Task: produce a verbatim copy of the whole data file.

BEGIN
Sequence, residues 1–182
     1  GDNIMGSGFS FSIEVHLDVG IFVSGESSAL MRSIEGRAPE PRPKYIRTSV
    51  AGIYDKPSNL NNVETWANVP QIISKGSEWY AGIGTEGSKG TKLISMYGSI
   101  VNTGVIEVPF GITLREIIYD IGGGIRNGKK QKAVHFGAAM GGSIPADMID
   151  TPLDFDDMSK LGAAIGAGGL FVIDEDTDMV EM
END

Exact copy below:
Sequence, residues 1–182
     1  GDNIMGSGFS FSIEVHLDVG IFVSGESSAL MRSIEGRAPE PRPKYIRTSV
    51  AGIYDKPSNL NNVETWANVP QIISKGSEWY AGIGTEGSKG TKLISMYGSI
   101  VNTGVIEVPF GITLREIIYD IGGGIRNGKK QKAVHFGAAM GGSIPADMID
   151  TPLDFDDMSK LGAAIGAGGL FVIDEDTDMV EM